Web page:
Elegantly written and profoundly moving, Frances Itani’s debut novel is a tale of virtuosity and power. Set on the eve of the Great War, Deafening spans two continents and the lives of a young deaf woman and her beloved husband.
Frances Itani’s astonishing depiction of a world where sound exists only in the margins is a singular feat in literary fiction, a place difficult to leave and even harder to forget. With the simultaneous publication of Poached Egg on Toast, Itani’s new short story collection, this is the perfect time for Deafening.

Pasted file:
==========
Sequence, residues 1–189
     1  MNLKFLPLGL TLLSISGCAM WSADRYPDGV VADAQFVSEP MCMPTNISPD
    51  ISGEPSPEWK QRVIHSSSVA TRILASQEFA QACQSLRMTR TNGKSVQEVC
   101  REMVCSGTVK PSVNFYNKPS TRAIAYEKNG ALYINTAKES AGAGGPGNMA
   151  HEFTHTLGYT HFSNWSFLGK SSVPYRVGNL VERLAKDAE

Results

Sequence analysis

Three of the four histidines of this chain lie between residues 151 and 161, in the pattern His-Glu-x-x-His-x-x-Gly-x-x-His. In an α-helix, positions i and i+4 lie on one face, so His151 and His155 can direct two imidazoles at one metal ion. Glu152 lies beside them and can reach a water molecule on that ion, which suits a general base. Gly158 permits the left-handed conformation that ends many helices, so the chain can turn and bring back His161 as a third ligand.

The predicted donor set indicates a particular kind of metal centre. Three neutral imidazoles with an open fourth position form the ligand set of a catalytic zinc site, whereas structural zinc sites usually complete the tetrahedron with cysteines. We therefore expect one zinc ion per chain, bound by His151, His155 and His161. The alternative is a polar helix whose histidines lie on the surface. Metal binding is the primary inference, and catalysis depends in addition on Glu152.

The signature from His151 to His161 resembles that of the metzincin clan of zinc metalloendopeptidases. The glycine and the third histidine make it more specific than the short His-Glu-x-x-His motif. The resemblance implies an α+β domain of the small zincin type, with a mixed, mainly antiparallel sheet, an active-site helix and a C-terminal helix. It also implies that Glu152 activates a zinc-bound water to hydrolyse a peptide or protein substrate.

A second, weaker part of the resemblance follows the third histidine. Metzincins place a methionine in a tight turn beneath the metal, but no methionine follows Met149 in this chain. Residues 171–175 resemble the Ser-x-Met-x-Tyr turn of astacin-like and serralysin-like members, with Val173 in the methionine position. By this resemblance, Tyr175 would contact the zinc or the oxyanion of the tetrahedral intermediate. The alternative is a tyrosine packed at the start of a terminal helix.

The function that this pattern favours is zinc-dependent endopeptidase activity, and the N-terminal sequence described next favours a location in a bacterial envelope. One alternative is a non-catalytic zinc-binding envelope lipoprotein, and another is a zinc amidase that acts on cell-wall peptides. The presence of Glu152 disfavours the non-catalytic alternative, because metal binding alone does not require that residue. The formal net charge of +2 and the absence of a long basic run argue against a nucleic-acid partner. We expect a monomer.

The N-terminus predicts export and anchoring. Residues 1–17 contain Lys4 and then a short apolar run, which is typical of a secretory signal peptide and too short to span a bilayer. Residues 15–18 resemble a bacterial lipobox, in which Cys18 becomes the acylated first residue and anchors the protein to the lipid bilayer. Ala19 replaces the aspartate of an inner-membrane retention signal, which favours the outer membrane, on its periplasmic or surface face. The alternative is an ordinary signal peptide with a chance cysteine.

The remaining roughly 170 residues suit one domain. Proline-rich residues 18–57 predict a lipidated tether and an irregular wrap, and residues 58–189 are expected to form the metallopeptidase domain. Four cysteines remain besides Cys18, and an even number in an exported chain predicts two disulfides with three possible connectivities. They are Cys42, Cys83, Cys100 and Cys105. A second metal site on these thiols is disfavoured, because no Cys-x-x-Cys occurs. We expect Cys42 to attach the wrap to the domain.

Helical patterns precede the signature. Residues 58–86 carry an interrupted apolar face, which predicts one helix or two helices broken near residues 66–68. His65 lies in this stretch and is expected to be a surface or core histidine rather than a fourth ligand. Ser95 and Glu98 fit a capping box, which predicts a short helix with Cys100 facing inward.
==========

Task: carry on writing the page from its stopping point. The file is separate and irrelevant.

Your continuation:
A starred or boxed review indicates a book of outstanding quality. A review with a blue-tinted title indicates a book of unusual commercial interest that hasn't received a starred or boxed review.DEAFENINGFrances Itani. Atlantic Monthly, $24 (368p) War and deafness are the twin themes of this psychologically rich, impeccably crafted debut novel set during WWI. Born in the late 19th century, Grania O'Neill comes from solid middle-class stock, her father a hotel owner in Deseronto, Ontario, her mother a God-fearing daughter of an Irish immigrant. When Grania is five, she loses her hearing to scarlet fever. When she is nine, she is sent to the Ontario Institution for the Deaf and Dumb in Belleville and given an education not only in lipreading, signing and speaking but also in emotional self-sufficiency. After graduating, she works as a nurse in the Belleville hospital, where she meets and falls in love with Jim Lloyd. They marry, but Jim is bound for the war as a stretcher bearer. His war is hell on earth: lurid wounds; stinks; sudden, endless slaughter redeemed only by comradeship. Itani's remarkably vivid, unflinching descriptions of his ordeal tend to overshadow Grania's musings on the home front, but Grania's story comes to the fore again when her brother-in-law and childhood friend, Kenan, comes back to Deseronto from the trenches in Europe with a dead arm and a half-smashed face, refusing to speak. Grania, who was educated to configure sounds she couldn't hear into words that "the hearing" could understand, brings Kenan back to life by teaching him sounds again, and then by making portraits of the people in the town whom she, Kenan and her sister Tress know in common. As she talks to Kenan, she reinvigorates him with a sense that his life, having had such a rich past, must have a future, too. This subplot eloquently expresses Itani's evident, pervasive faith in the unexpected power of story to not only represent life but to enact itself within lives. Her wonderfully felt novel is a timely reminder of war's cost, told from an unexpected perspective.